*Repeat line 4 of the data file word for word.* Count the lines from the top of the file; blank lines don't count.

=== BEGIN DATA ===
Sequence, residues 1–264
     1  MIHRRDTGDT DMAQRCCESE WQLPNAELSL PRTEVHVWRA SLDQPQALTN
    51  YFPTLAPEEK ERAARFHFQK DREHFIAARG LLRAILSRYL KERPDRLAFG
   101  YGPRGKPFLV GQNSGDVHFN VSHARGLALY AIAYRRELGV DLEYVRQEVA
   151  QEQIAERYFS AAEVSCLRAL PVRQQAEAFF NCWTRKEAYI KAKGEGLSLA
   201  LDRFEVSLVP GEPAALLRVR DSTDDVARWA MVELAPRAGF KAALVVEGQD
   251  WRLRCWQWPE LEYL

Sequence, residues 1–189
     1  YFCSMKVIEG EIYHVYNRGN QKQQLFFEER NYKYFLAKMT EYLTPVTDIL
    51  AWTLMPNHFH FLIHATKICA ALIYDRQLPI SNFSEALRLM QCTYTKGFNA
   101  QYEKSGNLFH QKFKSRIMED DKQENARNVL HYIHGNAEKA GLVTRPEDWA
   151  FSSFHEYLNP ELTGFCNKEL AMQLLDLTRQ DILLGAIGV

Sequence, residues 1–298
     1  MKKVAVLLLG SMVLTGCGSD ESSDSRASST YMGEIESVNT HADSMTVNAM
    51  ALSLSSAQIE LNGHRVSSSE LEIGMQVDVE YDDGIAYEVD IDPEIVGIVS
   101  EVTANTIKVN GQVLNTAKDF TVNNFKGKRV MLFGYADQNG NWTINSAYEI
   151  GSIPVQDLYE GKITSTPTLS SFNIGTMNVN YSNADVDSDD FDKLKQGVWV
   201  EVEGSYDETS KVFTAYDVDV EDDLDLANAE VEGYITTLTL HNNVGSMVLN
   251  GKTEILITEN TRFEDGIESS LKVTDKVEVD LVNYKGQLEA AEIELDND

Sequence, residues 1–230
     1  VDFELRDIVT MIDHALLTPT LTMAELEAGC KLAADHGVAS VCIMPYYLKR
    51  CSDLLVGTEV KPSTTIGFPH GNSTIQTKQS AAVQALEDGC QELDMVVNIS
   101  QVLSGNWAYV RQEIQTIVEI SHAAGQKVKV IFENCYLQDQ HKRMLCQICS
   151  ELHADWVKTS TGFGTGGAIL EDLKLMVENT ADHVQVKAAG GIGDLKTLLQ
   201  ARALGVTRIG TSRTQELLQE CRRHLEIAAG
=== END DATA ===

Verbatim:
   101  YGPRGKPFLV GQNSGDVHFN VSHARGLALY AIAYRRELGV DLEYVRQEVA